Click here for the full text of this decision FACTS:The appellant was convicted of possession of more than one gram but less than four grams of methamphetamine. On direct appeal, the appellant complained that blood found mixed with the methamphetamine was improperly included in the aggregate weight as an adulterant or dilutant. The court of appeals held that the blood could not be an adulterant or dilutant. HOLDING:The judgment of the court of appeals is reversed, and the case is remanded to that court to consider the appellant’s remaining point of error. According to the Health and Safety Code, an adulterant or dilutant is defined as “any material that increases the bulk or quantity of a controlled substance, regardless of its effect on the chemical activity of the controlled substance.” Texas Health & Safety Code �481.002(49). This court addressed the terms adulterant and dilutant before they were defined by the Legislature. In Cawthon v. State, 849 S.W.2d 346 (Tex. Crim. App. 1992), the court held that to include an adulterant or dilutant in the aggregate weight of a controlled substance, the state must prove four elements: 1. the identity of the named illegal substance, 2. that the added remainder (adulterants or dilutants) has not affected the chemical activity of the named illegal substance, 3. that the remainder (adulterants or dilutants) was added to the named illegal substance with the intent to increase the bulk or quantity of the final product, and 4. the weight of the illegal substance, including any adulterants or dilutants. As a consequence of the second and third elements, the state was required to identify the alleged adulterant or dilutant to show that it did not affect the chemical activity of the illegal substance and that it was added to increase the bulk or quantity of the final product. The language of the legislative definition is similar to the language in Cawthon. But, in the first clause, the Legislature conspicuously left out the requirement that the state prove intent to increase the bulk or quantity of the controlled substance. The Legislature replaced “[a substance] added with the intent to increase the bulk or quantity of the final product,” with “any material that increases the bulk or quantity of the controlled substance.” Also, the second clause of the legislative definition, “regardless of its effect on the chemical activity,” directly eliminates Cawthon’s second element. A plain reading of the Legislature’s adulterant or dilutant definition, when compared with Cawthon’s elements, indicates that the Legislature intended to abolish Cawthon’s limits on what substances are considered to be adulterants or dilutants. The court cannot say that application of the literal meaning of the definition produces absurd results that the Legislature could not have intended. It may lead to instances, similar to the appellant’s, where the weight of a substance that is not intentionally added to increase the bulk or quantity of a controlled substance is nevertheless used to increase a defendant’s penalty. The enactment of the 1994 amendment, without the requirements in Cawthon, indicates that the Legislature intended this consequence. The court of appeals concluded that the Legislature could not have meant to include certain substances, such as the blood in this case, within the definition of adulterant or dilutant. The court of appeals erred by failing to consider the literal meaning of the Legislature’s definition. “It is not our place within the judiciary, however, to construe a statute based on our notions of what is rational or what makes good common sense. It is left to us to effectuate the collective intent or purpose of the legislators who enacted the legislation, which means that we interpret an unambiguous statute literally, unless doing so would lead to an absurd result that the legislature could not possibly have intended. Because the legislature did not include such phrases as”before distribution, sale, or consumption’;”salable or usable weight’; or”excluding waste products,’ we are not at liberty to add them to the definition.” OPINION:Price, J., delivered the opinion of the court, in which Keller, P.J., Meyers, Womack, Keasler, and Hervey, JJ., joined. Womack, J., filed a concurring opinion, in which Keller, P.J., and Meyers, J., joined. Cochran, J., filed a dissenting opinion, in which Johnson and Holcomb, JJ., joined. CONCURRENCE:Womack, J., filed a concurring opinion, in which Keller, P.J., and Meyers, J., joined. “There is no constitutional question in this case, in my view. But the statutory definition may be so inclusive as to invite constitutional problems. “For example, it is no rarity for suspects to attempt to flush controlled substances down the toilet. For that reason, officers who are executing a search warrant frequently assign one person to secure the bathroom immediately. I would hate to see this Court forced to hold the statute unconstitutional when a prosecutor tried to include all the water in the toilet bowl as part of the controlled substance.” DISSENT:Cochran, J. “I respectfully dissent. I think that the court of appeals got it exactly right. ‘Common sense often makes good law.’ The evidence in this case showed that the blood-methamphetamine mixture in the vial found by appellant’s bed is ‘waste’ product. It is not a mixture in which adulterants or dilutants have increased the bulk of the controlled substance. “I think that the ‘plain language’ of the statute is clear: only those adulterants and dilutants which increase the bulk of the controlled substance before their distribution, sale, or consumption are part of the gross weight of the controlled substance. Controlled substance detritus or left-overs may still exist after a person has used a controlled substance. The weight of any controlled substance detritus counts, but the medium in which the detritus is found is clearly not an adulterant or dilutant which increases the bulk of the controlled substance.”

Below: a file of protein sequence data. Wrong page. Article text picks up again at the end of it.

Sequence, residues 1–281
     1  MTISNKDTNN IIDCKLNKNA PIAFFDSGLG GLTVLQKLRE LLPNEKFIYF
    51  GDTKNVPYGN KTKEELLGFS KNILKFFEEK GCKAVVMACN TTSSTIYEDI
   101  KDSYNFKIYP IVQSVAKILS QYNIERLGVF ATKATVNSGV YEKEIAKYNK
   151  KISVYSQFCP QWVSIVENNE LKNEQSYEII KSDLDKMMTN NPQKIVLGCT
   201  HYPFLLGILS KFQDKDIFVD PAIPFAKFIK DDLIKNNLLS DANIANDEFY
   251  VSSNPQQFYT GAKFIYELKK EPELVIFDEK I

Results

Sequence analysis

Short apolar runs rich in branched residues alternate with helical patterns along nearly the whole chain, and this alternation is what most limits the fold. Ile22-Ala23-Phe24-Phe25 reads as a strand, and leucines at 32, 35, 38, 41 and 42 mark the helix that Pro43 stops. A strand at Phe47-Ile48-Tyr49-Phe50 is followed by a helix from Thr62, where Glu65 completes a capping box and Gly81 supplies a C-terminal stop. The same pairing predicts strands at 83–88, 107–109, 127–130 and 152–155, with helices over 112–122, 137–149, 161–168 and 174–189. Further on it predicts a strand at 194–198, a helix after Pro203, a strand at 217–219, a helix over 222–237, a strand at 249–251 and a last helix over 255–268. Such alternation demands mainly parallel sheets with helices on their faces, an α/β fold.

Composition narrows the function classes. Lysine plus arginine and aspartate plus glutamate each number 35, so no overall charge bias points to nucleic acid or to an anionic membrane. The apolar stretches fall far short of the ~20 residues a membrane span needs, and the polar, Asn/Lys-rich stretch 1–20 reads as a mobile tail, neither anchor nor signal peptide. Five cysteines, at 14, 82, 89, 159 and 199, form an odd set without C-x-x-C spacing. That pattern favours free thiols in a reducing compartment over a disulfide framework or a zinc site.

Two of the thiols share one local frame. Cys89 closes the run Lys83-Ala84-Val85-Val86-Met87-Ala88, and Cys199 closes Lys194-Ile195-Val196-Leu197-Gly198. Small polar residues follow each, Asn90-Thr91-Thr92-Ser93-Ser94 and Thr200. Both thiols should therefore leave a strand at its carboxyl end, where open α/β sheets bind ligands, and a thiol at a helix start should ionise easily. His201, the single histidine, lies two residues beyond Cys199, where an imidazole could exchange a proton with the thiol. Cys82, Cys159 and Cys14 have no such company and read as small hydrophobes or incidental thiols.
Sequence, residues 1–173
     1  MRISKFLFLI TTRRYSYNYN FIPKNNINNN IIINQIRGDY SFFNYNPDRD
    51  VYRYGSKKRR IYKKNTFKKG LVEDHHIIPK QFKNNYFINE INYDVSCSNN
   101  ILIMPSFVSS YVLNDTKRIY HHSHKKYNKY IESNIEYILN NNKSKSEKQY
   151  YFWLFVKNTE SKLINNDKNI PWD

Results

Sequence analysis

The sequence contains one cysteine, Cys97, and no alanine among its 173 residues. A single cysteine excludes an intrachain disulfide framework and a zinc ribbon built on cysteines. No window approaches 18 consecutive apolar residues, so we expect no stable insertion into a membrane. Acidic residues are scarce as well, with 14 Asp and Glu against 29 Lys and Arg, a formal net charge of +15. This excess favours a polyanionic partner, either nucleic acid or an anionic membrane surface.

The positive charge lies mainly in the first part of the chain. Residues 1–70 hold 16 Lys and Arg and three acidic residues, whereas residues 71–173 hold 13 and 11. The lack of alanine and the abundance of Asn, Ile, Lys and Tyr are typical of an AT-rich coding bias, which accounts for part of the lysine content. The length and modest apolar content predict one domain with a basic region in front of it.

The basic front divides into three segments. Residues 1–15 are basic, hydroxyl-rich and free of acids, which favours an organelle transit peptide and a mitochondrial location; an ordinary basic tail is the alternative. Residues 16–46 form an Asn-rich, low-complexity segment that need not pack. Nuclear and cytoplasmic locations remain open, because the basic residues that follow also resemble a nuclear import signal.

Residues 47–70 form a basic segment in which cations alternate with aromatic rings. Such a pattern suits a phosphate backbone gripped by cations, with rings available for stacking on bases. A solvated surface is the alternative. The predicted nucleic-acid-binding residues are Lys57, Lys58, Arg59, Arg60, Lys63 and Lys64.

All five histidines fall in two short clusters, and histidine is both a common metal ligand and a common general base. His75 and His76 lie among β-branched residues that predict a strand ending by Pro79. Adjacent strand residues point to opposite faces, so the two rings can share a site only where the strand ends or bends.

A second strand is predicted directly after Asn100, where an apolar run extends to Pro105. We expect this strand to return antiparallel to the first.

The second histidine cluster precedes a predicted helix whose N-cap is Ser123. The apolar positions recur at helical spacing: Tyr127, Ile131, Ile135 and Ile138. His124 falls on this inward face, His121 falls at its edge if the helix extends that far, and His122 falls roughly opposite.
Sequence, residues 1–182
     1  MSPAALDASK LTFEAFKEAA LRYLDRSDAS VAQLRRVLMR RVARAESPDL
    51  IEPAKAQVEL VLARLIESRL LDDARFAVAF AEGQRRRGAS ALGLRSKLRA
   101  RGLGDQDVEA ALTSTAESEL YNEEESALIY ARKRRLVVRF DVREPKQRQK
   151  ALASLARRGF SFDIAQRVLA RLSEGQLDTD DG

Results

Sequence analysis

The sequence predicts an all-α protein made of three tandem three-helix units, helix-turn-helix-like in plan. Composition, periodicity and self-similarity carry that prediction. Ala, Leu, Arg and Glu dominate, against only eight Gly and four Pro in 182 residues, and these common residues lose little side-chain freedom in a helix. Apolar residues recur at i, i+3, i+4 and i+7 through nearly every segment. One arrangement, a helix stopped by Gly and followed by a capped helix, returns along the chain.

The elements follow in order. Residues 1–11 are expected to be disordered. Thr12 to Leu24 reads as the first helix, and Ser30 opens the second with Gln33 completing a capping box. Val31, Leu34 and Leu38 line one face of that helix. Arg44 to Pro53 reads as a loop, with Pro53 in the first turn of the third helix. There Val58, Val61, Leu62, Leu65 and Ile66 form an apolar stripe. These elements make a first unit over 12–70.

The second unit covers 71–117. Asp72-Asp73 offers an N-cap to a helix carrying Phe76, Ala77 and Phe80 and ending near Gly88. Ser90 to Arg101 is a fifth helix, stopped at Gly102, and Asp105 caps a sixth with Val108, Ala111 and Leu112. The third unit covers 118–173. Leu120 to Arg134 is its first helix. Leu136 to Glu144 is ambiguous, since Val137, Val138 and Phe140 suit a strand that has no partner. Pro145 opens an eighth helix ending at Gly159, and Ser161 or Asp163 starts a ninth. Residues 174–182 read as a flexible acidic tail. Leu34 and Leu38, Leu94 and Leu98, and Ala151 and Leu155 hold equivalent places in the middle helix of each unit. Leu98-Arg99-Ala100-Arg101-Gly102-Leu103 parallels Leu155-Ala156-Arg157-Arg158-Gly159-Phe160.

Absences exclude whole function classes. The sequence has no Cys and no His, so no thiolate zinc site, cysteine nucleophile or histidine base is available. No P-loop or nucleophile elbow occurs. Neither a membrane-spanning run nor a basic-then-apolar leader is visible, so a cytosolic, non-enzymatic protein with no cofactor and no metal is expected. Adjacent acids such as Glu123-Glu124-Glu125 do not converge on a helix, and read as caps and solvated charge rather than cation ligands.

Want to continue reading?
Become a Free ALM Digital Reader.

Benefits of a Digital Membership:

  • Free access to 1 article* every 30 days
  • Access to the entire ALM network of websites
  • Unlimited access to the ALM suite of newsletters
  • Build custom alerts on any search topic of your choosing
  • Search by a wide range of topics

*May exclude premium content
Already have an account?

 
 

ALM Legal Publication Newsletters

Sign Up Today and Never Miss Another Story.

As part of your digital membership, you can sign up for an unlimited number of a wide range of complimentary newsletters. Visit your My Account page to make your selections. Get the timely legal news and critical analysis you cannot afford to miss. Tailored just for you. In your inbox. Every day.

Copyright © 2021 ALM Media Properties, LLC. All Rights Reserved.